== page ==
Every year, London College of Fashion presents its graduate show to the public and press, and this year was no different, except for the fact that they presented their new home to us at Here East.
It was notably their largest show yet, and whilst some of the organisation of getting into the space (the use of lifts only and locking off the stairs wasn’t ideal, especially for anyone with a fear of lifts or confined spaces) or the mad rush at the door before showtime, which seemed to have no queuing process or system to ensure everyone got in safely, overall the event was a huge success for the college.
This was an important show for the college, presenting an opportunity to showcase their new home, solidify their place as a university for forward thinking innovators, and it was the last show under the leadership of Frances Corner OBE who celebrated her final term as Head for the college. With such a large amount of pressure to deliver a standout show in amongst so many changes, you can see the college did everything they could to ensure it was a success.
I think overall the collections from the students had similar undertones of themes and trends, but stood apart from Graduate Fashion Week in it’s slightly more monochrome colour palette and over designed shapes.
There were some real standouts for me that made me sit upright and really watch as the models navigated the runway. HUIXIN TIAN RAE (pictured above) really explored a futuristic, Mortal Kombat-esque menswear collection, that would be well placed within a movie or a music video. It may have bordered on costume, but there were elements that I believe could translate wonderfully into editorial at least.
Yujin Seo (@_seouu) (pictured above) gave us contemporary luxe, pairing simple and flowing shapes with bright and bold pops of colours. That black poncho with the white piping is divine!
Lily Thomas (@lilythomas_bags_accessories) (pictured left) showcased her gorgeous bags which featured a print design of a leaf under a microscope. The leaves used for the print were also incorporated into the resin chains used for the straps.
Sophie Hird (pictured above) showed us how deconstructed football shirts can be re-worked, perhaps this is a metaphorical collection inspired by the deconstruction of gender within the industry at the moment.
Jeanne Mehta (pictured right) gave us a regal flare with a modern day way of tailoring. The face jewellery also lent itself to capturing a more edgy look.
Shiho (pictured above) went bold and bright with their disparate designs that give us a bit of a Betsy Johnson / Muppets vibe – and we’re here for it!
Chendi Xu (@atomiclabour) (pictured above) went for clothes that look like they’ve just stepped off the set of Fifth Element 2 (no we’re not sure if that’s a real thing, but it should be!)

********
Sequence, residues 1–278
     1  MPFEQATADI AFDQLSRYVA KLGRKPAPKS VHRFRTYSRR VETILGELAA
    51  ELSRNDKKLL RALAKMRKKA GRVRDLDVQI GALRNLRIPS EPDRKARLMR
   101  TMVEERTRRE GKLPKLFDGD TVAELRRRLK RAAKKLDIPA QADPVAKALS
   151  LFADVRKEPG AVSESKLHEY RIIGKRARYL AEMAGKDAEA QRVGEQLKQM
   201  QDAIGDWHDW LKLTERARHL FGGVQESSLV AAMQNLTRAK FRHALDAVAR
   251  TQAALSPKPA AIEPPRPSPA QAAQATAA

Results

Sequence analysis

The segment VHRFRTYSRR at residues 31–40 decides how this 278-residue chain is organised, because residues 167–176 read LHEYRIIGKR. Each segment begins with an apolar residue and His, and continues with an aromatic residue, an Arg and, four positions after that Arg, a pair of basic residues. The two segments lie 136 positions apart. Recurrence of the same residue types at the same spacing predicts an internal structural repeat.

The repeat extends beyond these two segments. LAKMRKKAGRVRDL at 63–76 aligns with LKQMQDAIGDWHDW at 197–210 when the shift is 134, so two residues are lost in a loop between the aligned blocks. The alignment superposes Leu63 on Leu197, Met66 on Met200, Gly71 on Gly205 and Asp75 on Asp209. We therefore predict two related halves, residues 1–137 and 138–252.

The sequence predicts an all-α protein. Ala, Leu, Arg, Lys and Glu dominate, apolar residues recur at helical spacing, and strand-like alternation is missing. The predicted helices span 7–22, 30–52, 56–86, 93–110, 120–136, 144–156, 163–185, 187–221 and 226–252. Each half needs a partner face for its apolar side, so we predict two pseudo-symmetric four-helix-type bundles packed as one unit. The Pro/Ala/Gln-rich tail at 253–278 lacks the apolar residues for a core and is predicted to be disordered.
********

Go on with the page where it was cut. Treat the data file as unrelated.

Meta Cunder (@metacunder) (pictured left) made footwear for people who don’t live in this reality. That monster boot is equally as intimidating and scary, as it is fascinating…
Bonbom Jo (pictured above) showed us how gender can be blended ever further without having to put men in dresses… and after all, who doesnt want a fluffy hip cushion?
Haiyue Yan (pictured above) went in for the kill with this shooting gallery inspired collection. The green tartan oversized jacket is absolutely divine and I want one in my closet!
Molly Lockley (pictured above) created some gorgeously feminine shapes using pastel pinks and nudes, and blended in some hardware elements to show that women really aren’t to be double crossed…
Kang An (@gnakna) (pictured above) went for total shock value with their blood stained collection. That jacket is EVERYTHING we want from a statement piece, and I want one is every colour please!
Ellen Conroy (@elconroy.embroidery) (pictured right) designed this gorgeous textile which looks almost etherial and angelic. It’s intricate design must have taken so long to get just right, so we know this student has got the patience to innovate some amazing things in the future.
Patrycja Pagas (pictured above) doesn’t mess around, with bold blacks and leathers creating oversized shoulder silhouettes and elongated sleeves to both intimidate and empower.
Roisin Cummins (@roisinmcummins) (pictured above) was quite an interesting show because the models (as some are pictured) wore black sex masks with big red sex lips. I completely got the fetish reference, but unfortunately there was backlash after the show with several people saying the showcase was ‘racist’. I reached out to Roisin personally to get her take on the looks and to support as best I could. Roisin confirmed that it had nothing to do with race, but was in fact a fetishwear inspiration. Her lookbook was shot with just the masks but a creative decision was made to add the lips for the show and this obviously didn’t work out as intended, but, there is no denying that the clothing is glorious and provocative, and I feel that in times like this, we cannot allow an honest mistake to overshadow years of work that a student has put into this. I applaud Roisin for staying strong and focused during this time, and I am personally excited to see her growth in the industry.
I want to take this opportunity to congratulate all the graduates this year, you all have such exciting times ahead of you, you need to just keep pushing and know that there are people behind you every step of the way. You will always have a safe space for feedback, advice, and publishing here at Boyfriend.